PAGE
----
Irish pharmaceutical company Allergan’s ubrogepant is currently in pre-registration for the treatment of acute migraines. It’s an oral pill belonging to a novel class of medications known as calcitonin gene-related peptide (CGRP) inhibitors.
A large-scale clinical study of 1,700 patients showed ubrogepant to be effective at easing pain and light or sound sensitivity as well as providing nausea relief.
Although ubrogepant is expected to receive FDA approval before the end of this year, clinical studies demonstrated that 39% of ubrogepant users got relief from symptoms within two hours.
Ubrogepant, if approved, will experience competition from Eli Lilly’s Reyvow (lasmiditan) on the market because both drugs offer a new mechanism of action for treating acute migraines. Despite this, GlobalData forecasts that ubrogepant will generate global sales of $486m by 2025.
CGRP is localised to neurons in the trigeminal ganglia and CGRP levels are increased during a migraine attack, presumably causing the vasodilation observed. The mechanism of action of CGRP antagonists is inhibition of neurogenic vasodilatation and inflammation by antagonizing the effects of CGRP. Accordingly, it is conceivable that inhibition of CGRP-evoked dilatation of the cranial vessels provides an effective treatment for migraine headache.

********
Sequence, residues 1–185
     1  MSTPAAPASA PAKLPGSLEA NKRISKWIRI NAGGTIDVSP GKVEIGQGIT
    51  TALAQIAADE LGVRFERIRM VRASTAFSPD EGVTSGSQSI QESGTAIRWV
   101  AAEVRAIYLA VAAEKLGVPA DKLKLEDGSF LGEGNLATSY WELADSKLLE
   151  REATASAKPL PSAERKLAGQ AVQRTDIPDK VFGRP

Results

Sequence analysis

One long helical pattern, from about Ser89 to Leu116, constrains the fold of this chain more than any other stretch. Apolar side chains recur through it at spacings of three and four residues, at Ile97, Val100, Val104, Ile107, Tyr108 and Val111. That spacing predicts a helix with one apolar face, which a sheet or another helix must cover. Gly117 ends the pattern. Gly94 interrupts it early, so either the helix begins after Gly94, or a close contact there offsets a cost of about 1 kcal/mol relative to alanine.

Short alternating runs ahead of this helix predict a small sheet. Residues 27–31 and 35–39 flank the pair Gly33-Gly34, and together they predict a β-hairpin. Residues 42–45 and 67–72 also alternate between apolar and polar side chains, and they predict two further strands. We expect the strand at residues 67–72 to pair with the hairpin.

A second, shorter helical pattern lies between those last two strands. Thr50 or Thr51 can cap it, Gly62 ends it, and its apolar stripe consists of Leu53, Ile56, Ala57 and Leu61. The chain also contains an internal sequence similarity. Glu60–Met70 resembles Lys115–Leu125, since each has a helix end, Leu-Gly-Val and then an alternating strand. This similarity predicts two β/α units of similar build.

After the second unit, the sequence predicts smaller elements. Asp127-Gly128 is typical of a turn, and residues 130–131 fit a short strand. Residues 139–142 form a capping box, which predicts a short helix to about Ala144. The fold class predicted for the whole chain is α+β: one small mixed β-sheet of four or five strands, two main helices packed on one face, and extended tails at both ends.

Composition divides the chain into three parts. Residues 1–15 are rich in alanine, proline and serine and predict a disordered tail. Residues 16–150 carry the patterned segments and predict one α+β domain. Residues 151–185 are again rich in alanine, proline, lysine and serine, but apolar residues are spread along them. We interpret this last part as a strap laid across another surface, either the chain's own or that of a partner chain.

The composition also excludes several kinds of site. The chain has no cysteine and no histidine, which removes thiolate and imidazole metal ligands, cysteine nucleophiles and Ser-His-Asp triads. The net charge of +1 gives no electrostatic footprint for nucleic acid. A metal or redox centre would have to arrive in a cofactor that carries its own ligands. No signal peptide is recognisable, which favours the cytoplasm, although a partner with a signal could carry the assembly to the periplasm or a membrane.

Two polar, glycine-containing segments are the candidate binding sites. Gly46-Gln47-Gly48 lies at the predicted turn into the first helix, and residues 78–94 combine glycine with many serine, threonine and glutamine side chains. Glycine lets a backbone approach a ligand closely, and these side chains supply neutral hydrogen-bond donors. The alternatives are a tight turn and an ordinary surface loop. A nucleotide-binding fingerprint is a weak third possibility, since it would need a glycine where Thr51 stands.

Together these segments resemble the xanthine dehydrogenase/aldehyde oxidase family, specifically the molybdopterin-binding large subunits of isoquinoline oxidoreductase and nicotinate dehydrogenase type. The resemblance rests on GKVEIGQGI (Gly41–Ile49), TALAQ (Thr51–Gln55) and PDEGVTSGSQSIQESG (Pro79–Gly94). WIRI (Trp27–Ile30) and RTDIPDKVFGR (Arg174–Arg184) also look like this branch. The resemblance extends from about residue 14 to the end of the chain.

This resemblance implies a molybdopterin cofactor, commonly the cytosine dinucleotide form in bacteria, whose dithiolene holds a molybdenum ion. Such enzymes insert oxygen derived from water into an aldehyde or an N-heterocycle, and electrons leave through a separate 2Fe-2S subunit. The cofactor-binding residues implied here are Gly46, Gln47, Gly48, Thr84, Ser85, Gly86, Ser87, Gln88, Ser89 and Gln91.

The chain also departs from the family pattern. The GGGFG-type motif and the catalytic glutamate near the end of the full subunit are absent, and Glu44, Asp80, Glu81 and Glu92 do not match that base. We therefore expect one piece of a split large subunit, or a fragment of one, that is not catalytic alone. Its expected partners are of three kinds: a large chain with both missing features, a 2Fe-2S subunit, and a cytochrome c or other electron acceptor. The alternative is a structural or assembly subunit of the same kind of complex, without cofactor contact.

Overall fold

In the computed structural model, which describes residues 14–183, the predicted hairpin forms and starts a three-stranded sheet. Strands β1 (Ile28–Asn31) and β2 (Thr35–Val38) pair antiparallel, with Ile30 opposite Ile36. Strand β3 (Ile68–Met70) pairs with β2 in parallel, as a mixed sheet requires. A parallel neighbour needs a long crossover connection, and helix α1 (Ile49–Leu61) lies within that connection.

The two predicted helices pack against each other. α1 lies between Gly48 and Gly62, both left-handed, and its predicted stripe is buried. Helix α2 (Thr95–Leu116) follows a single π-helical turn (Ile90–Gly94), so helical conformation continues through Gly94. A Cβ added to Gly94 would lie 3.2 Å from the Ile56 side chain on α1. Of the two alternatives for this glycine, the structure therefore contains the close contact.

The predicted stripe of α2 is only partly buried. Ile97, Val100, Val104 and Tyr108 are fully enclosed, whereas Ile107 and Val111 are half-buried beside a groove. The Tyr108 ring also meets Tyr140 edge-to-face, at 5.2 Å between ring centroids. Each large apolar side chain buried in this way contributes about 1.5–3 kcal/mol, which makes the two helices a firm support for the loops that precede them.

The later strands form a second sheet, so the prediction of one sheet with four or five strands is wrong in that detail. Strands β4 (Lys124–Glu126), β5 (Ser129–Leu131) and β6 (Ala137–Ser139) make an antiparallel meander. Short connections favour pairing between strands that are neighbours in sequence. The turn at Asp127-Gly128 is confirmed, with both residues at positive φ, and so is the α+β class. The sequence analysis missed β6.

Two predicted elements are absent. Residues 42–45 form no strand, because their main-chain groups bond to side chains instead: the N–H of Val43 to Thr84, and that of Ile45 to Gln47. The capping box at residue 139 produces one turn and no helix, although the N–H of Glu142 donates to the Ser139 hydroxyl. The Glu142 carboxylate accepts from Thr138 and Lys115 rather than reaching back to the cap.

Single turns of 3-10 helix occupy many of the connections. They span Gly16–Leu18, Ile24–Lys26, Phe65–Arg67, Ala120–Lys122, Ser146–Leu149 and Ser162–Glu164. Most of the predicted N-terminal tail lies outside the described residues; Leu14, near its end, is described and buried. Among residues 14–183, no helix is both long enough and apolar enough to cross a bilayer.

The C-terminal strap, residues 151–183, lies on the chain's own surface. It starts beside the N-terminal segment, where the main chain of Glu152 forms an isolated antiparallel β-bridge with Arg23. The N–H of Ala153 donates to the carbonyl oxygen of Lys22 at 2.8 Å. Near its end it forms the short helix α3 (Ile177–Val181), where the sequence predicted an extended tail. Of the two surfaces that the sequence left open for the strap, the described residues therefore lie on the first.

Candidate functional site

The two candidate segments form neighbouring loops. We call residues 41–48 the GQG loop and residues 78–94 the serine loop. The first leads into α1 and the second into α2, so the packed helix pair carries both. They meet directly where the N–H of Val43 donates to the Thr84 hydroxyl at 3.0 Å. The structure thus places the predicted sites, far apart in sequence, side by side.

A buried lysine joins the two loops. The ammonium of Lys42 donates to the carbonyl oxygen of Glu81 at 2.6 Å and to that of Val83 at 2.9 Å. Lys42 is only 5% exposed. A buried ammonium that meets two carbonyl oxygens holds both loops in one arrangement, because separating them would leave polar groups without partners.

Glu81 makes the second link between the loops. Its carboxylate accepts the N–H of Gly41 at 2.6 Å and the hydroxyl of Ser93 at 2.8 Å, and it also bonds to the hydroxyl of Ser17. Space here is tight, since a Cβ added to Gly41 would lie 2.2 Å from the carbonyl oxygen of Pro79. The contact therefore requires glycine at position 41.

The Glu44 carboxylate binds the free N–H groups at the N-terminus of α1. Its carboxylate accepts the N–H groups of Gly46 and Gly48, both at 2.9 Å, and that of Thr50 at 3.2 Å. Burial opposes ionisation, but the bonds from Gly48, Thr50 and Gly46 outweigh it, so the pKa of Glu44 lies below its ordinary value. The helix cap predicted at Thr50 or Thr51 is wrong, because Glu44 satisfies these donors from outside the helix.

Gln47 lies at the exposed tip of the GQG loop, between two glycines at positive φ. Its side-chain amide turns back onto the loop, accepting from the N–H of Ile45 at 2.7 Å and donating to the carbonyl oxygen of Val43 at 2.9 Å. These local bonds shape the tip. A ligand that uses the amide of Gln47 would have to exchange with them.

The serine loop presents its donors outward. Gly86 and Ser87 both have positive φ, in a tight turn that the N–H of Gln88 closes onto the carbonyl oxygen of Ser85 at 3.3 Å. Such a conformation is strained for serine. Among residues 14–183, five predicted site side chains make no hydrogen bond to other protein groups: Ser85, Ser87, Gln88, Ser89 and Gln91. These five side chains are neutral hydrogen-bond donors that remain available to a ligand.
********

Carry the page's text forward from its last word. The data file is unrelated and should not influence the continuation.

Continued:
Ubrogepant has the potential to be a more appealing option than established drugs like triptans, which people often do not respond to or experience blood vessel constriction. Unlike the triptans, ubrogepant does not constrict blood vessels, which means people at risk of heart attacks or stroke can use it.
Allergan is looking to target other patient groups; its pipeline drug atogepant, which is also an oral CGRP antagonist, is in development for the prevention of an episodic and chronic migraine.